Despite Favorable Safety, Olesoxime Falls Short Among Efficacy Markers for SMA

Long-term follow-up of the treatment showed that while it has a favorable safety profile, the treatment does not offer significant efficacy for patients with spinal muscular atrophy (SMA) type 2 and non-ambulant type 3.

While it may be a safe option for the treatment of spinal muscular atrophy (SMA), olesoxime lacks the efficacy needed for meaningful improvements in motor function for these patients, according to long-term follow-up of the treatment.

On the one hand, the long-term follow-up of patients with type 2 and non-ambulant type 3 SMA is adding to the safety profile of olesoxime, which has previously demonstrated favorable safety in a phase 2 trial, finding no new safety risks.

Throughout the OLEAS, there were no patient deaths and the majority of adverse events were classified as mild or moderate. The treatment was tolerable, with 1 patient discontinuing treatment prematurely because of non-serious asthenia and paresthesia. The most common adverse events of any grade included upper respiratory tract infection (29.0%), nasopharyngitis (22.9%), pyrexia (21.4%), vomiting (18.3%), and headache (17.6%).

On the other hand, the open-label extension study (OLEOS)—an extension of the phase 2 and a phase 1b study—found no indication that the treatment offers significant benefit in these patients, with no stabilization of functional measures observed over 130 weeks.

In the initial phase 2 study, olesoxime did not meet the primary endpoint, although secondary endpoints and sensitivity analyses of the study indicated that the treatment may be beneficial in maintaining motor function in these types of patients.

However, these new results did not confirm the previous findings. Among the 131 patients included in the long-term follow-up, there were small, nonsignificant changes in motor function over 52 weeks, after which scores declined for the remainder of the study follow-up. Between week 52 and week 130, there was a 4.02-point mean decrease in total motor function measure, and there was a near 5-point decrease in D1+D2 score, which measured standing position, transfers, and ambulation, as well as axial and proximal motor function.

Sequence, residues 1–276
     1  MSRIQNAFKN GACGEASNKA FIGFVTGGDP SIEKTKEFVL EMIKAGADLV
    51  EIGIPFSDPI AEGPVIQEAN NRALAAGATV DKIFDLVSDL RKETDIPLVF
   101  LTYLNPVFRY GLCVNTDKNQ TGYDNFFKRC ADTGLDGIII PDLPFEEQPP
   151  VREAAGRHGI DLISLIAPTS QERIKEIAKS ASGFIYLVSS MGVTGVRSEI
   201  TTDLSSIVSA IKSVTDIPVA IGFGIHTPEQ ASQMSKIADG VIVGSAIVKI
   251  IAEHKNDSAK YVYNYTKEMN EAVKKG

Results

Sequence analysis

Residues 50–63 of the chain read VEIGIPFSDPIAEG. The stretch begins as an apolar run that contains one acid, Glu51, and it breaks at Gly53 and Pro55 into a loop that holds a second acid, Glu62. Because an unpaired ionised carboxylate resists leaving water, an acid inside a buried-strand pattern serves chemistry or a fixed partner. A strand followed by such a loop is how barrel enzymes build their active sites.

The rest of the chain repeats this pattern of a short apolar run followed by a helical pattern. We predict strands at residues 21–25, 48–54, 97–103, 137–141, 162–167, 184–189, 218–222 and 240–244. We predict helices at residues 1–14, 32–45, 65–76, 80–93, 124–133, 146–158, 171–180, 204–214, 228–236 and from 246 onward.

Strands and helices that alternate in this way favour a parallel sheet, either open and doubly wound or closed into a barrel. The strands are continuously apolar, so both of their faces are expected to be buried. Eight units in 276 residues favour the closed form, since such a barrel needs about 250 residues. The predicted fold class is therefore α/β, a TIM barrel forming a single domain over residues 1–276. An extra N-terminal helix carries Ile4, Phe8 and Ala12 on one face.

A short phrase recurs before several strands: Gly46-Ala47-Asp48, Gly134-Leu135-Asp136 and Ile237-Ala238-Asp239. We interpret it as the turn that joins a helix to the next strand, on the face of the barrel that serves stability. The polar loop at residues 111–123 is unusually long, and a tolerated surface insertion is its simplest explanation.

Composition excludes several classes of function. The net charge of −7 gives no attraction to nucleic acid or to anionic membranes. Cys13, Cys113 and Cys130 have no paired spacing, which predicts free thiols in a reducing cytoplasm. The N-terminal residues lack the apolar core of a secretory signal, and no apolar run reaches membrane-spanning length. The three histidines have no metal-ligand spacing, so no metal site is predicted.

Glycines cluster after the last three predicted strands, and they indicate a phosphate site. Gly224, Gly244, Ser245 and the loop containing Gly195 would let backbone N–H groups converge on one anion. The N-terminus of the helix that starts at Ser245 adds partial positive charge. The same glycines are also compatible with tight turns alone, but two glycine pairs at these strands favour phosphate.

The decline was most prominent among patients aged 15 years or younger, as well as among patients with type 2 SMA.

“There was no clear evidence that olesoxime provides significantly better efficacy than natural history after 12 months,” concluded the researchers, based on the findings, which also showed that FVC also declined throughout the follow-up. They added, “It is therefore difficult to determine a position for olesoxime in the SMA treatment landscape alongside recently approved SMN-upregulating treatments such as nusinersen, onasemnogene abeparvovec and risdiplam, which have dramatically altered the natural history of SMA.”

All patients received 10 mg/kg oral olesoxime once daily until November 2017 when 21 patients began receiving the treatment twice daily based on the previous phase 2 trial showing improvements in motor function after 2 years in patients with higher treatment exposure. However, the researchers found no differences in efficacy associated with the higher dose. They also noted that the small number of patients receiving the treatment twice daily was insufficient to draw a conclusion about the comparative safety of the higher dose.

Reference

Muntoni F, Bertini E, Comi G, et al. Long-term follow-up of patients with type 2 and non-ambulant type 3 spinal muscular atrophy (SMA) treated with olesoxime in the OLEOS trial. Neuromuscular disord. Published online November 4, 2020. doi:10.1016/j.nmd.2020.10.008